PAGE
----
• 00:20:00 The documentary discusses the consequences of the economic crisis in Lebanon, which has led to a new class of privileged people. Joseph, a commercial employee in a foreign pharmaceutical company, has become rich because of his access to fresh dollars. His wife, Romi, who works in a primary school, earns her salary in Lebanese pounds, which are worth less than the dollars Joseph and Romi receive in their regular paycheck. Without dollars, Joseph and Romi couldn't afford the basic needs of life. Joseph's wife tells the story of how they were able to build their house in record time thanks to a 50-million-lira (US$14.4 million) loan they requested but were denied because of the local currency's devaluation. Without the ability to exchange their dollars for local currency, Joseph and Romi couldn't afford to build their home. They now live in a neighborhood in north Beirut that has become exclusive for the wealthy due to the high cost of alcohol. Joseph's friends from school, who used to be able to hang out with him, can't afford to now that they're rich. Joseph himself says he's not happy because he can't do the things he used to do with his friends anymore.
  • 00:25:00 In the video, titled "Líbano: Las consecuencias y las víctimas de la crisis económica | DW Documental," Rebecca, a middle-aged woman in Lebanon, discusses the consequences of the economic crisis in her country. Her salary, which barely amounts to anything today, barely covers the cost of a six-dollar bottle of wine. Her monthly salary only amounts to 80-85 dollars, which barely covers the deposit on her car. When she used to earn 1200 dollars, now she only earns 80 dollars. The difference is enormous, even though the country is experiencing inflation. Lebanese salaries have never been updated in over a decade. In the meantime, the 13% of Lebanese who currently receive their salary in dollars are at an all-time high. However, the rest of the population pays a very high price for this crisis. Some people in Lebanon are demanding justice, as the absurd situation continues. For example, one of Rebecca's scheduled court appointments was cancelled due to power outages. However, court appearances are still being scheduled. Sadly, things are not going Rebecca's way at the moment. However, we should not give up. There is no law that allows this informal control of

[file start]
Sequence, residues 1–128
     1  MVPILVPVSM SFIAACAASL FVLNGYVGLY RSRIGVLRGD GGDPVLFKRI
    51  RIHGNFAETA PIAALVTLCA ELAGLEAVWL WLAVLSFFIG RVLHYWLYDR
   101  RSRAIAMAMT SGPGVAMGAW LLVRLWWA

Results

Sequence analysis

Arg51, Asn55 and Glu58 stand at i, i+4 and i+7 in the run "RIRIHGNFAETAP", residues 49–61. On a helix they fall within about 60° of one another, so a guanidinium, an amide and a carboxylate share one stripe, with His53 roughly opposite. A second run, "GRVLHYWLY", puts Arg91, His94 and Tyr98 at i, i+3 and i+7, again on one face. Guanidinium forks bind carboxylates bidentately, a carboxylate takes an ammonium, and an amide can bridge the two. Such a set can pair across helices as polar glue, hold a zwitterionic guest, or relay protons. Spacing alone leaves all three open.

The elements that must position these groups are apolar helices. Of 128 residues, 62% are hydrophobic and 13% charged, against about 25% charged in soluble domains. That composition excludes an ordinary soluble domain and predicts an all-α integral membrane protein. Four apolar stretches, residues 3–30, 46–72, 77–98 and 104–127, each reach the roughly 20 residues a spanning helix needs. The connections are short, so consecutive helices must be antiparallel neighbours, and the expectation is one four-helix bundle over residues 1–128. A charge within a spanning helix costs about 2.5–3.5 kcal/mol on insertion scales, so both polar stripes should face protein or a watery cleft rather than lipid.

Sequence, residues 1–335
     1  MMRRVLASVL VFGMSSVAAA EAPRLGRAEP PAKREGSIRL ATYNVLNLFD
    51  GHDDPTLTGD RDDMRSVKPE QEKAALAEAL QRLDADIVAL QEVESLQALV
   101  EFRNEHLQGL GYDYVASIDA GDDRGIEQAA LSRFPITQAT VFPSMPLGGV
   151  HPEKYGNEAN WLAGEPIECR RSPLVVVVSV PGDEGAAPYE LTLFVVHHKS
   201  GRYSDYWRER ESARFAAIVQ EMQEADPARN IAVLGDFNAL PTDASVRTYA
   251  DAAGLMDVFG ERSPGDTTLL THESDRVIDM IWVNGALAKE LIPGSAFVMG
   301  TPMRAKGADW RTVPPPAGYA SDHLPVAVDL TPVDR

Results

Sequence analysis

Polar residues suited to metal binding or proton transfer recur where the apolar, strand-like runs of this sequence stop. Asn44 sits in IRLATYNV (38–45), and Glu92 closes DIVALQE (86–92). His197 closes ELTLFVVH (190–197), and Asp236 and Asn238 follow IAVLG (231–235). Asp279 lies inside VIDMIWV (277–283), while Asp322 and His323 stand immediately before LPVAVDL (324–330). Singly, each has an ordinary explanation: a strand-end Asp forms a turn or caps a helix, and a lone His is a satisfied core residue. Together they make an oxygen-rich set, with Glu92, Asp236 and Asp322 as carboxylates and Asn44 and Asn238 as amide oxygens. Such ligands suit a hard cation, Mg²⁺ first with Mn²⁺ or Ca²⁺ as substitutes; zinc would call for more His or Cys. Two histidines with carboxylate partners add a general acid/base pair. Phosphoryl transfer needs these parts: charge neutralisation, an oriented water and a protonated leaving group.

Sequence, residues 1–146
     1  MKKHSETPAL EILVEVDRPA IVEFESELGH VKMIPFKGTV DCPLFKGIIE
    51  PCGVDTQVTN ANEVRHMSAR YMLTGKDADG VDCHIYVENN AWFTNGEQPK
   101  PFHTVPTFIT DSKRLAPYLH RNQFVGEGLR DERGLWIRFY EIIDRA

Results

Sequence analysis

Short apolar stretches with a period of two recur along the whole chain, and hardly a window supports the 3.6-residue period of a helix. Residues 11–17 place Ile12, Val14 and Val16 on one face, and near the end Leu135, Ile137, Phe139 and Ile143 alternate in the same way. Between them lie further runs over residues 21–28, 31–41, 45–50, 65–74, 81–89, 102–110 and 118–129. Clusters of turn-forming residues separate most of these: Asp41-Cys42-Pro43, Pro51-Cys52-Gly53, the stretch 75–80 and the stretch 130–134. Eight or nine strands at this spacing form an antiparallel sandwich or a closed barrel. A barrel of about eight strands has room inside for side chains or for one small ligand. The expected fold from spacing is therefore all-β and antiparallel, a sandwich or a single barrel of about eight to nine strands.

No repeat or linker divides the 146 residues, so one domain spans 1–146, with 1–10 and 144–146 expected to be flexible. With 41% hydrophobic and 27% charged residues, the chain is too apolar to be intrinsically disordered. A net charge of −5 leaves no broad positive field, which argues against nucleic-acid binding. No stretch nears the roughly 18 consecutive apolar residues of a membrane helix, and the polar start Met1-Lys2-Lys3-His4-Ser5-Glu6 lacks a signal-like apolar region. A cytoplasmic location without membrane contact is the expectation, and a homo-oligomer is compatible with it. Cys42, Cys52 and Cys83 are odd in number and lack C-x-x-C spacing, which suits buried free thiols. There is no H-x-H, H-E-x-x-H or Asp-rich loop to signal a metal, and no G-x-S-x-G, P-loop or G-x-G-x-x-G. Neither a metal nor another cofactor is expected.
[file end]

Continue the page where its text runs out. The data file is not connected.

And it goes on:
• 00:30:00 In the aftermath of a devastating fertilizer explosion in Lebanon, 218 people died and 6,500 were injured. The president of Lebanon appealed to the population to resist, and today, Beirut is trying to rebuild. Corruption is at the center of the investigation, with the government accused of involvement in the events. This reporter for investigative journalism who reports on corruption without fear is RIyad. He visits the port every morning to document the corruption.
  • 00:35:00 The video discusses the consequences of the economic crisis in Lebanon, focusing on the explosion at the port of Beirut in October of 2017. It presents evidence that points to political corruption and incompetence being the root of the issue, and interviews a prominent Lebanese journalist who has been investigating the matter. The journalist reveals that the government failed to take action in response to warnings about the explosive cargo on the ship, and that this inaction led to 7 people being killed. The miliciano chiíta (a chiíta paramilitary group) is blamed for the violence, and the journalist discusses their 14-year history of violence against Christian opponents. The footage then shifts to October of 2021, when a group of young chiítas moved from the street into an abandoned building in order to defend themselves from Christian assailants. After a tense five-hour shootout, 7 chiítas were killed, including the interviewer's brother. This tragic story underscores the dangers of uncontrolled political violence in Lebanon.